About 75 people showed up in Lakewood on a balmy Sunday morning at the end of June to knock on doors for Democratic state Sen. Brittany Pettersen.

It was an unusual sight — even for residents of a swing district. State lawmakers rarely canvass with an army of volunteers in the years they aren’t up for election, but Pettersen walked her community that weekend because Republican Nancy Pallozzi, who previously ran against Pettersen, announced a plan to recall her from office…

…Wadhams and other Republicans have started to worry that all these recall efforts — most of which they believe to be doomed from the start — are actually playing into the hands of Democrats. Potential recall targets are raking in six-figure donations from national groups and mobilizing their bases to knock on thousands of doors.

“I think this approach is terribly misguided and will end up strengthening the vast majority of Democratic legislators, if not all of them,” he said.

Meanwhile, Republican infighting is getting out of control, with one former county party official openly condemning attacks from Rocky Mountain Gun Owners (RMGO) and the Neville Clan. Check out these two Op-Eds that ran over the weekend, penned by well-known Colorado Republicans who are tired of what has happened to their Party. Former El Paso County GOP Chair Joshua Hosler’s Op-Ed for the Denver Post is particularly jarring:

In May I spoke out on social media. RMGO had launched an effort to recall Rep. Tom Sullivan, the Democrat who had defeated Wist and taken his seat in the Colorado House. Members of the Republican Party’s leadership supported RMGO’s efforts and this felt like a mistake…[a]fter that post, I received three calls from anonymous men who threatened me and my family if I did not back off RMGO and Dudley Brown. No one messes with my family, especially cowards. [Pols emphasis]

Then things got worse. On May 30th at 2:50 p.m. I received a call from the chief of staff for the Colorado House Republicans. Jim Pfaff works directly for House Minority Leader Patrick Neville. He asked when I was going to stop attacking RMGO and Dudley Brown. I responded, “I am not going to stop.”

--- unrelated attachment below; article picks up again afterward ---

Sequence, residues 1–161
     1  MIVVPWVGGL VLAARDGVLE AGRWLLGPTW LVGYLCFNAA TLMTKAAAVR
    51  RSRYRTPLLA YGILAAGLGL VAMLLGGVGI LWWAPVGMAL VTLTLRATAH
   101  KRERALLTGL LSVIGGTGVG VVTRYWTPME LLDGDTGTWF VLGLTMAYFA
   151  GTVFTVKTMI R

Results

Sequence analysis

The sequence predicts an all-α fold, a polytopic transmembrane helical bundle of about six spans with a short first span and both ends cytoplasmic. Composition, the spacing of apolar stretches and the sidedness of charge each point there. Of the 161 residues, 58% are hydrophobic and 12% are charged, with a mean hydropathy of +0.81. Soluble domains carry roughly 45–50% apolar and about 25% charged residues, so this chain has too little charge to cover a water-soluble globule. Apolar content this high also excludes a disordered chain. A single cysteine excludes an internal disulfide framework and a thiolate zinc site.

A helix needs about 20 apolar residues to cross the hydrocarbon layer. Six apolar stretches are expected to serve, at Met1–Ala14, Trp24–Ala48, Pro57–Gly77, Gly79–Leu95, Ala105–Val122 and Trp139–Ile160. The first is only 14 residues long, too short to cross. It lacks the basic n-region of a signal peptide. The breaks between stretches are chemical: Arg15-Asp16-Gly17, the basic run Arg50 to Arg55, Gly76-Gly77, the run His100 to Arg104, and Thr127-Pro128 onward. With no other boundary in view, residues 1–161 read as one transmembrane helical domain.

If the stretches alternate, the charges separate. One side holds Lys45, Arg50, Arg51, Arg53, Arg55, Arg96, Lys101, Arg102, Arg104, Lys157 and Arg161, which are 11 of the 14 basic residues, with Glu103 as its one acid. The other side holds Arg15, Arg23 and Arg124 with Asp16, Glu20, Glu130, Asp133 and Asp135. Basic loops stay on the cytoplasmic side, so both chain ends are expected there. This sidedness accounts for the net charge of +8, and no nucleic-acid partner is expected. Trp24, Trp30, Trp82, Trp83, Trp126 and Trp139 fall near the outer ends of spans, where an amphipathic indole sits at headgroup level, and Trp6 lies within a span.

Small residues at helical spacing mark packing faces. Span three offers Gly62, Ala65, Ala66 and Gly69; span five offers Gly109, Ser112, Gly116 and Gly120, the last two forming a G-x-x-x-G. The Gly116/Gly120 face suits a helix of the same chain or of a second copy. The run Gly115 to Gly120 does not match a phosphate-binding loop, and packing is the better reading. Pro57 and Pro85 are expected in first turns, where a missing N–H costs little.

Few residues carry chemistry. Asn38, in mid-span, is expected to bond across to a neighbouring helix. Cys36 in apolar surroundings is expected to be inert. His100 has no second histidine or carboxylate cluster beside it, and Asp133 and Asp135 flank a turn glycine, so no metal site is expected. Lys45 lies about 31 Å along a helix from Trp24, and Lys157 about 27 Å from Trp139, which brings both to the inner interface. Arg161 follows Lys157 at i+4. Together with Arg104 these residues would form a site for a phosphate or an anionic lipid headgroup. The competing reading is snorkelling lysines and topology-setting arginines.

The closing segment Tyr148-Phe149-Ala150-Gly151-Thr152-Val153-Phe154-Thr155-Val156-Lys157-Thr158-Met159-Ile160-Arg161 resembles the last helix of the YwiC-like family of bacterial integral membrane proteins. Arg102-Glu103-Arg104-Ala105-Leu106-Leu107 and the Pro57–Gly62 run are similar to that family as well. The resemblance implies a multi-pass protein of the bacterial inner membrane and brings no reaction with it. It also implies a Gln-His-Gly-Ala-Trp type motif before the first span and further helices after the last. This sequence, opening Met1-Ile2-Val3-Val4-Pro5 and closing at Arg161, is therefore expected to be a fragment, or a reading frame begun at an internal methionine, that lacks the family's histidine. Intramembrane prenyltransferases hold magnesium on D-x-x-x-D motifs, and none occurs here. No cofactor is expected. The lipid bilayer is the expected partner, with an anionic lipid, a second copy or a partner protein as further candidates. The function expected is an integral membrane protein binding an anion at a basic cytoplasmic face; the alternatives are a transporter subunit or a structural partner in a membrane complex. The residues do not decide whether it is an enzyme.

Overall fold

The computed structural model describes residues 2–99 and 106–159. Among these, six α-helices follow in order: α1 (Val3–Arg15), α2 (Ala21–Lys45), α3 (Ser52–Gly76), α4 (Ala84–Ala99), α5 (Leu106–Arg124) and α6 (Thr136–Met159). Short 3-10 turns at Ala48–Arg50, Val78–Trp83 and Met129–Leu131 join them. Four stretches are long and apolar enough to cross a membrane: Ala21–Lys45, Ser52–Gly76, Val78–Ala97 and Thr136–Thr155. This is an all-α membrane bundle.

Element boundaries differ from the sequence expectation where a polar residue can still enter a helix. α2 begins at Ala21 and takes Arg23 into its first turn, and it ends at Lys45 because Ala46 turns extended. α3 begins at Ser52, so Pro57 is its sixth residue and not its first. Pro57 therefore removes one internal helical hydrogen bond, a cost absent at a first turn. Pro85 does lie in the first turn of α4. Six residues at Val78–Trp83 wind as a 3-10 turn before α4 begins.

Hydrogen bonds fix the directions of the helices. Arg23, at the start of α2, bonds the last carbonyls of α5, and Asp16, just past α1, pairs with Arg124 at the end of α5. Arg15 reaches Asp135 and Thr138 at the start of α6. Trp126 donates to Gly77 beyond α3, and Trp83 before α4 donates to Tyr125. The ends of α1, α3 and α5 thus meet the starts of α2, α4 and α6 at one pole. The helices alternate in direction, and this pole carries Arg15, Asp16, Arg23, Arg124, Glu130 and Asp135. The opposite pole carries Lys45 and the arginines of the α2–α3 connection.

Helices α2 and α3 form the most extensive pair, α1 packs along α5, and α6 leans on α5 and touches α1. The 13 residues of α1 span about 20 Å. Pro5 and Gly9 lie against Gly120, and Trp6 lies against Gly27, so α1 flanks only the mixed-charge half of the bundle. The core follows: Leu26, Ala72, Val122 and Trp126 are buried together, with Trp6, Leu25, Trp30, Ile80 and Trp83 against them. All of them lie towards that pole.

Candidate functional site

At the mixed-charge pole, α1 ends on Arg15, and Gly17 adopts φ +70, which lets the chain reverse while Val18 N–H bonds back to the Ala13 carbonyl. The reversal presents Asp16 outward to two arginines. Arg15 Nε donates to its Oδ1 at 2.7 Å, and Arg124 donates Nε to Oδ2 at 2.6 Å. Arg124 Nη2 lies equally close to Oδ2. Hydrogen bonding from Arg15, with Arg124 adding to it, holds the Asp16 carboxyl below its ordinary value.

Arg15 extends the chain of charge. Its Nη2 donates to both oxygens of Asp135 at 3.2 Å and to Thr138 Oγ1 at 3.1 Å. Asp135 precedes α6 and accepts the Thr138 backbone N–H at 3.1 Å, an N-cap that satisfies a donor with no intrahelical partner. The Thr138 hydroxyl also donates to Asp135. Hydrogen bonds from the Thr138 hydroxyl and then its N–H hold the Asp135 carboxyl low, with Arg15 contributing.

Pfaff then threatened to smear me with rumors — false rumors that I had heard before from someone close to RMGO trying to influence my decisions — that I had rigged the party chair election and had inappropriate relationships with women in the Republican Party. I told Pfaff that I had already heard those fake rumors and it was old news. Pfaff stated, “I am sure I will find more on you.”

House Minority Leader Patrick Neville’s Chief of Staff, Jim Pfaff, did not dispute this story in response to an inquiry from the Post, and RMGO Executive Director Dudley Brown confirmed that he bullies and threatens candidates when he disagrees with their policy positions.

 

Get even more smarter after the jump…

(more…)

Donald Trump Jr., Cory Gardner To Headline #WCS19


Donald Trump, Jr., holding the severed tail of an elephant he has just killed.

Significant last-minute additions to this coming weekend’s Western Conservative Summit list of speakers, as Denver7 reports–including the Crown Prince of the United States himself, Donald John Trump Jr.: 

In a press release, Chairman of the Western Conservative Summit Jeff Hunt said Donald Trump Jr. is one of the boldest conservative voice[s] in the United States.

“He is a warrior for limited government, free markets, personal freedom, and the Constitution,” Hunt said. “We are elated he will be speaking at the Western Conservative Summit.”

Trump serves as executive vice president of the Trump Organization.